In high school, you may have finished homework in the hall right before class on more than one occasion and still earned a good grade; that just isn't possible in college. College freshmen are usually shocked at how much time they are expected to spend on coursework outside of class. You can expect to spend as much time on homework in college as you would at a job.
The Teaching and Learning Center of the University of Oregon recommends that you spend at least two to three hours per course hour reading, studying or doing homework. Likewise, the University of Michigan-Flint recommends between six to nine hours of study time per week per three-credit hour course. Therefore, a full-time student taking four courses will devote, on average, between three to five hours per day working on coursework in addition to class time. Although these figures may seem high compared to high school, they are not outlandish considering what you will have to do during that time.
Many high schools offer an open period or study hall, and you can study or finish homework during that time. Also, many teachers may give you time during their classes to work on homework or read. However, in college, you must complete all the assignments and reading before coming to class, as the professor reserves class time for lecture or discussion. You should expect to spend three hours of time studying outside of class for every hour you spend in class. This means that 12 hours in class would require 36 hours of studying. This is more than a full-time job.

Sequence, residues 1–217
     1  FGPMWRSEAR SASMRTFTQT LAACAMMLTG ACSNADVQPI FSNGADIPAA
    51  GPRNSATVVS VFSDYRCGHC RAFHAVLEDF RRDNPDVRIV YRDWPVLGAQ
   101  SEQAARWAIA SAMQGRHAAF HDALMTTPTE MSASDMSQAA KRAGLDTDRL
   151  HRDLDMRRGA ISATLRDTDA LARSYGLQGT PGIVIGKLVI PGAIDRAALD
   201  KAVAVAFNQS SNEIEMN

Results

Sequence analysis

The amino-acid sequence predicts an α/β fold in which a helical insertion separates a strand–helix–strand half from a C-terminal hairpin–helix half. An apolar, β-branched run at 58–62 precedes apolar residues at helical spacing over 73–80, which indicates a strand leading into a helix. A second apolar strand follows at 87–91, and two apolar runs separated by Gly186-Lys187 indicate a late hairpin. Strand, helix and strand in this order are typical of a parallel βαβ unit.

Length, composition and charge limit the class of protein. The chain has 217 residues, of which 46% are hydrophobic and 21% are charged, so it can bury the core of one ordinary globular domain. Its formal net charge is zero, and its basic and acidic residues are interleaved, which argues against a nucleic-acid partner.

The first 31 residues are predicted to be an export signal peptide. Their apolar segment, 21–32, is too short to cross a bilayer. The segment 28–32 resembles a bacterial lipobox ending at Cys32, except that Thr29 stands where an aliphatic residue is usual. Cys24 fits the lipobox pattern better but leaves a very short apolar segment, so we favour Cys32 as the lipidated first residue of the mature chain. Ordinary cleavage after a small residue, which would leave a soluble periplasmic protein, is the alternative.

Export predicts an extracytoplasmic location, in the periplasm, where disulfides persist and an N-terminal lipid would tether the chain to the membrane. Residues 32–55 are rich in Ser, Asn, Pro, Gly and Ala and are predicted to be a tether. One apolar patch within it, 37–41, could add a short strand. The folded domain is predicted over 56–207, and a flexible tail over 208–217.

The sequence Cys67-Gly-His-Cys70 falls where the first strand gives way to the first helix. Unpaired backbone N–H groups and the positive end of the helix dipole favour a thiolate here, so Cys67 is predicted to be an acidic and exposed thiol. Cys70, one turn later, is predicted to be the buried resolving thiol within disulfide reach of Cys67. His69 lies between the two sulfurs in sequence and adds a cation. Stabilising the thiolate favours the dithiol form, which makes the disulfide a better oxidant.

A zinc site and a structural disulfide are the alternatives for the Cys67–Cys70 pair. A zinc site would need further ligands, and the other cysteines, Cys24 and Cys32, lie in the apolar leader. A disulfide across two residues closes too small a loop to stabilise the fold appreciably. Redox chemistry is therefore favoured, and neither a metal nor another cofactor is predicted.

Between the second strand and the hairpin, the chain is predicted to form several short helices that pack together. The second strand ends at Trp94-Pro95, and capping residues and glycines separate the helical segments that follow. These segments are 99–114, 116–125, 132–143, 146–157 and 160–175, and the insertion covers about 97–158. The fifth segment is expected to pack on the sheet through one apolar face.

Read, Read, Read
You will read a lot more per class in college than you did in high school. Also, the content of the text will be more complicated and difficult to understand. As a result, reading will take you longer. If you skim, you won’t understand or remember important information that will be on the test or discussed in class, and your grade will reflect your lack of effort. Remember that just because assigned reading is never discussed in class or mentioned in lecture doesn't mean it won’t be on the test. College requires critical thinking. In addition to understanding the content you read, you will need to analyze the meaning that is intended. Expect to write a lengthy paper in most of your classes. The reading and analyzing you do, as you study, will enable you to write top notch papers.
Some professors will not require minor homework assignments in addition to the readings but will give only major tests. This means that reading, review and study time are even more crucial, as flunking just one test will negatively affect your overall grade in the course, possibly beyond redemption. You should also expect to write research papers, work with others on group presentations and complete large projects that reflect your learning, during the semester.
Courtney O'Banion Smith holds degrees in communication, English and creative writing. For more than 11 years, she has taught English, composition, literature, and creative writing courses to college students from diverse backgrounds both face-to-face and online.